X-ray images and CT scans including those of a Chinese man, 44, who died from coronavirus show how the disease ravages its victims’ lungs.
The scans show white patches in the lower corners of the lungs which indicates what radiologists call ground glass opacity – the partial filling of air spaces.
Such abnormalities identified by doctors in the scans of coronavirus patients are similar to those found in patients suffering from SARS and MERS.
The shocking chest X-ray of one coronavirus victim, a 44-year-old man who worked at the Wuhan seafood market thought to be the origin of the outbreak, clearly show the ground glass opacity abnormality.
The scans, released by the Radiological Society of North America, show how the fluid in the spaces of the man’s lungs became more pronounced over time, as evident when comparing image A to image F.
The man was admitted to hospital on December 25, 2019 after suffering from a fever and cough for almost two weeks. Doctors diagnosed the man with pneumonia and acute respiratory distress syndrome.
Despite being treated by doctors, he died a week later.
The CT scans of a 54-year-old woman who caught the coronavirus after travelling to Wuhan, China, show the same partial filling of air spaces.
The woman was diagnosed with severe pneumonia caused by the virus after suffering from a fever, cough, fatigue and chest congestion for a week, and she was given oxygen and antibiotics.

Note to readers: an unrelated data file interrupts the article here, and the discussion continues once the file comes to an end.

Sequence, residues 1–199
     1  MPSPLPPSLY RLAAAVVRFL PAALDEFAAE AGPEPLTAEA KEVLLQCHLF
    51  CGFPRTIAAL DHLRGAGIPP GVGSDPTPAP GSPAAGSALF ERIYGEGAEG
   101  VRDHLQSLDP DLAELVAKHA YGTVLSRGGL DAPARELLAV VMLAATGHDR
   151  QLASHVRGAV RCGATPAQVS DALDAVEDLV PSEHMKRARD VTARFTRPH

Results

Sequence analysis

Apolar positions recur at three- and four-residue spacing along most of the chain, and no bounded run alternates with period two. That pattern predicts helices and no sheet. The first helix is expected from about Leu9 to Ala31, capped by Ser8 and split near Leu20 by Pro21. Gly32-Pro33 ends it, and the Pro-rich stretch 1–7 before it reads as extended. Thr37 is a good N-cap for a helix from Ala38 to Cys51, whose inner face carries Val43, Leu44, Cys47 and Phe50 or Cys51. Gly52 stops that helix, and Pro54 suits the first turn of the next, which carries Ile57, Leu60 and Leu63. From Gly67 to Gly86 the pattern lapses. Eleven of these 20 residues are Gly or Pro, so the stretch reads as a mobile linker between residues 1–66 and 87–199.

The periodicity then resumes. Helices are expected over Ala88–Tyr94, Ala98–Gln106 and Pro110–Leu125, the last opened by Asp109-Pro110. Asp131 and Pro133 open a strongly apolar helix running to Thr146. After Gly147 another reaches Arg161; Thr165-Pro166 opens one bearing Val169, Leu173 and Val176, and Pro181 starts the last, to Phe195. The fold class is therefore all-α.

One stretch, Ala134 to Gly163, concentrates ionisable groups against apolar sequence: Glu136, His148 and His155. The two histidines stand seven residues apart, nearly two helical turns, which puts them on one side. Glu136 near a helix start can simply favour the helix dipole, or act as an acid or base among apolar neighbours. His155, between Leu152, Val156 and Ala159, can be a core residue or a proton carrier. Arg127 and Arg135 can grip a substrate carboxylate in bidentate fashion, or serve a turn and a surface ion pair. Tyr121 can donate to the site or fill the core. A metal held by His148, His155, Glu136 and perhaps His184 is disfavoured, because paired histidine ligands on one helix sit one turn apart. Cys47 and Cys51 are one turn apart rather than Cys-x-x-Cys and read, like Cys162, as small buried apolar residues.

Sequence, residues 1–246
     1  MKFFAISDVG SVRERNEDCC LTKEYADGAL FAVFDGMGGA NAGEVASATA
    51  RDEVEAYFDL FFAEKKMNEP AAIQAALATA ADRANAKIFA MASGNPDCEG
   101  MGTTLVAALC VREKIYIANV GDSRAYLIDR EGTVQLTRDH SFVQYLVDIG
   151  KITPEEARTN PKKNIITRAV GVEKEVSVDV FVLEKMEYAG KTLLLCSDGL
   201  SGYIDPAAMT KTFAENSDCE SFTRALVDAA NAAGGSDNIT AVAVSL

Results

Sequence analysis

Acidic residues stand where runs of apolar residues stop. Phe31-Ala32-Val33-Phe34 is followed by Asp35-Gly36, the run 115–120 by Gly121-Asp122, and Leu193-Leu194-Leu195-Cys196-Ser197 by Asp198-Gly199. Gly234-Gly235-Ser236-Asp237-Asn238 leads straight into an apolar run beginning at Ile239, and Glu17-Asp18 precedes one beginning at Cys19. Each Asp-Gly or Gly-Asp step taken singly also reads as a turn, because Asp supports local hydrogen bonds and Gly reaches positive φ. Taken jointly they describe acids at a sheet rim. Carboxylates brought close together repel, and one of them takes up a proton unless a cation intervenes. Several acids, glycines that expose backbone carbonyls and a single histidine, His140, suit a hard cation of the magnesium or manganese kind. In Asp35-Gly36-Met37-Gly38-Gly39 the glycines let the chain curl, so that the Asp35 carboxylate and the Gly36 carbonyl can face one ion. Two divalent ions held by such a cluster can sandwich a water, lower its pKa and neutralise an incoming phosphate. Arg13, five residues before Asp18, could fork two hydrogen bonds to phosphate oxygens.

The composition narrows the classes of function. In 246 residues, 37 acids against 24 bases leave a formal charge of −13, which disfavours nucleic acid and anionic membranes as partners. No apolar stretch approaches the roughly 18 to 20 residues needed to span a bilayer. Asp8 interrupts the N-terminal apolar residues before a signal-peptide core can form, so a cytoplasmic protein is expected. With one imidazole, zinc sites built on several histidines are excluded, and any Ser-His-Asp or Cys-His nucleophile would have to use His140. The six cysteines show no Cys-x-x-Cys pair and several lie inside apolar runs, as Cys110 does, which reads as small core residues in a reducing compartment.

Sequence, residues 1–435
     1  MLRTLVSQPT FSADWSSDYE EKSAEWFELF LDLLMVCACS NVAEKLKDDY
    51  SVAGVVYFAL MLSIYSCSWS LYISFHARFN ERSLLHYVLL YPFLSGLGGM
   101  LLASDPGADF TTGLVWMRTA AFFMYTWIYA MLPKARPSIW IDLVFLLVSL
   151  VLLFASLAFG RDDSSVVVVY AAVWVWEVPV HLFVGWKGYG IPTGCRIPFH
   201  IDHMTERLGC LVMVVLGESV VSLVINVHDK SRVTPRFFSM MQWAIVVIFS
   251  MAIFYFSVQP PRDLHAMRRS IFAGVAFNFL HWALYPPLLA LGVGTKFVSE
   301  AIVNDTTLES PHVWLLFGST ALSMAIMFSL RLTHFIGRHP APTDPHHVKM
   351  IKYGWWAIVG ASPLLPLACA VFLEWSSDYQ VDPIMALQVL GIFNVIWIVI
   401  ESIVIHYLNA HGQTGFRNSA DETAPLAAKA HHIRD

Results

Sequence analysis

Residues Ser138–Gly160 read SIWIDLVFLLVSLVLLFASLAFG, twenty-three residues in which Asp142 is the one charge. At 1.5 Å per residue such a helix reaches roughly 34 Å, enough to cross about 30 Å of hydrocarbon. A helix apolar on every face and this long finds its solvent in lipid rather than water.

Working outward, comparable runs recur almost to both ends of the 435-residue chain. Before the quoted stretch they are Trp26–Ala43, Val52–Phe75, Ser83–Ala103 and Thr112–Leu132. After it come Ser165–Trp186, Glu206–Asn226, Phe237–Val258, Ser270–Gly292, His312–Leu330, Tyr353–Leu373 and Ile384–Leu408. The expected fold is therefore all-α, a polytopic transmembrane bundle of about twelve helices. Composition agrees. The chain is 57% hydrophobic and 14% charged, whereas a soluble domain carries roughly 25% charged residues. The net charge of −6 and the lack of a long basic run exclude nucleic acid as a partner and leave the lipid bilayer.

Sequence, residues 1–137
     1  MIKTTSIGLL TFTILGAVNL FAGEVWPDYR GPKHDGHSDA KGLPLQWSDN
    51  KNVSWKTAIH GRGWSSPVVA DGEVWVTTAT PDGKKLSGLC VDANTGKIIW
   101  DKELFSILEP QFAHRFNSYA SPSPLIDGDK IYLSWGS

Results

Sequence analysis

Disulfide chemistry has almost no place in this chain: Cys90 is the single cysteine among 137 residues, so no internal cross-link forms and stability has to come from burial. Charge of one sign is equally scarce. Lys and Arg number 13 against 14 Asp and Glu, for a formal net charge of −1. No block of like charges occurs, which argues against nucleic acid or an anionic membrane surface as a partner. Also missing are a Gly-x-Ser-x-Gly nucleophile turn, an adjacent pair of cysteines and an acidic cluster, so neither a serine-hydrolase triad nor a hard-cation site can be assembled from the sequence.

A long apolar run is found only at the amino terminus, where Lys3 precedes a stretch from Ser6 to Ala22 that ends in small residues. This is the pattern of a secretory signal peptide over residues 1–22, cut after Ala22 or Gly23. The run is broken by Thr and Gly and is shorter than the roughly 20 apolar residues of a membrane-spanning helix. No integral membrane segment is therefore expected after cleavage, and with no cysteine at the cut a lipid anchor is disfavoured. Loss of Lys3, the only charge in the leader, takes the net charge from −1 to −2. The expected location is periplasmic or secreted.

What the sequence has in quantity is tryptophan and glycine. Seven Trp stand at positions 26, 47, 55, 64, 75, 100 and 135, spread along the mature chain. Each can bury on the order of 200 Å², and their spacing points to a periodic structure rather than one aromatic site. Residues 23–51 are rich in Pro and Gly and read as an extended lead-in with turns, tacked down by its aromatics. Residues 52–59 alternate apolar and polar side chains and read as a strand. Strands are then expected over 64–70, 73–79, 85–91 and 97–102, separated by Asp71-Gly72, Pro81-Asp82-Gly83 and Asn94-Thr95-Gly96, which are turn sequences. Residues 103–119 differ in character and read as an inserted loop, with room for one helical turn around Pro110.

The scan of a 45-year-old woman from Sichuan Province in China who tested positive for COVID-19 after returning from Japan shows white patches and a ‘reversed halo sign’ in the left upper lobe of her lung.
The extended white patches seen in the scans were also identified with severe acute respiratory syndrome (SARS) and Middle East respiratory syndrome (MERS).
Both are also classified as coronaviruses and SARS resulted in 8,000 cases and 774 deaths in China from November 2002 to July 2003.
The most common way to identify coronavirus is to take swabs of saliva or mucus from a patient’s nose or mouth or alternatively testing phlegm they produce.
Yet the test is only effective when the patient is showing symptoms.
The World Health Organization has today officially declared the COVID-19 outbreak a pandemic after the number of patients struck down by the life-threatening infection across the world surpassed 112,000 and the death toll neared 4,500.
The death toll from the outbreak in Italy has jumped in the last 24 hours by 196 to 827.
The total number of cases in Italy, the European country hardest hit by the virus, rose to 12,462 from a previous 10,149, an increase of 22.8 per cent.
Eight Britons have so far died from the virus. The number of confirmed coronavirus cases in the UK reached 460 on Wednesday, including a minister in the health department.
Prime Minister Boris Johnson has warned tougher measures to contain the spread of the virus were likely in the coming weeks.